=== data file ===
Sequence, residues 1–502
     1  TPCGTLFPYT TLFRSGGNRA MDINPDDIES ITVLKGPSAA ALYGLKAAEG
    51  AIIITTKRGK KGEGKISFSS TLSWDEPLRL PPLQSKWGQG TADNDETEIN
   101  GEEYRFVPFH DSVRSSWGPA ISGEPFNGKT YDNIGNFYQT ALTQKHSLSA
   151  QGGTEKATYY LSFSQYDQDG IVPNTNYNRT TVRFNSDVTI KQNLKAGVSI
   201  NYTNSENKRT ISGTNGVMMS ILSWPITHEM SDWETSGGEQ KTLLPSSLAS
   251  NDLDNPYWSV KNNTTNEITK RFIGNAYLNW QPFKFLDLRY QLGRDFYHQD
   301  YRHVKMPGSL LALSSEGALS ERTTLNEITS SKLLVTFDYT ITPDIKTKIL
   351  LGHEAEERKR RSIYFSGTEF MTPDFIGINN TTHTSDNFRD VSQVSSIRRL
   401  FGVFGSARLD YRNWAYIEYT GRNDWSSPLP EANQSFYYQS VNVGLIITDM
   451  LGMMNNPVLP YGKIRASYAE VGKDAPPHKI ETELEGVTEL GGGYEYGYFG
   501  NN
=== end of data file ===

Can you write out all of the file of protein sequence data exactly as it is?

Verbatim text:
Sequence, residues 1–502
     1  TPCGTLFPYT TLFRSGGNRA MDINPDDIES ITVLKGPSAA ALYGLKAAEG
    51  AIIITTKRGK KGEGKISFSS TLSWDEPLRL PPLQSKWGQG TADNDETEIN
   101  GEEYRFVPFH DSVRSSWGPA ISGEPFNGKT YDNIGNFYQT ALTQKHSLSA
   151  QGGTEKATYY LSFSQYDQDG IVPNTNYNRT TVRFNSDVTI KQNLKAGVSI
   201  NYTNSENKRT ISGTNGVMMS ILSWPITHEM SDWETSGGEQ KTLLPSSLAS
   251  NDLDNPYWSV KNNTTNEITK RFIGNAYLNW QPFKFLDLRY QLGRDFYHQD
   301  YRHVKMPGSL LALSSEGALS ERTTLNEITS SKLLVTFDYT ITPDIKTKIL
   351  LGHEAEERKR RSIYFSGTEF MTPDFIGINN TTHTSDNFRD VSQVSSIRRL
   401  FGVFGSARLD YRNWAYIEYT GRNDWSSPLP EANQSFYYQS VNVGLIITDM
   451  LGMMNNPVLP YGKIRASYAE VGKDAPPHKI ETELEGVTEL GGGYEYGYFG
   501  NN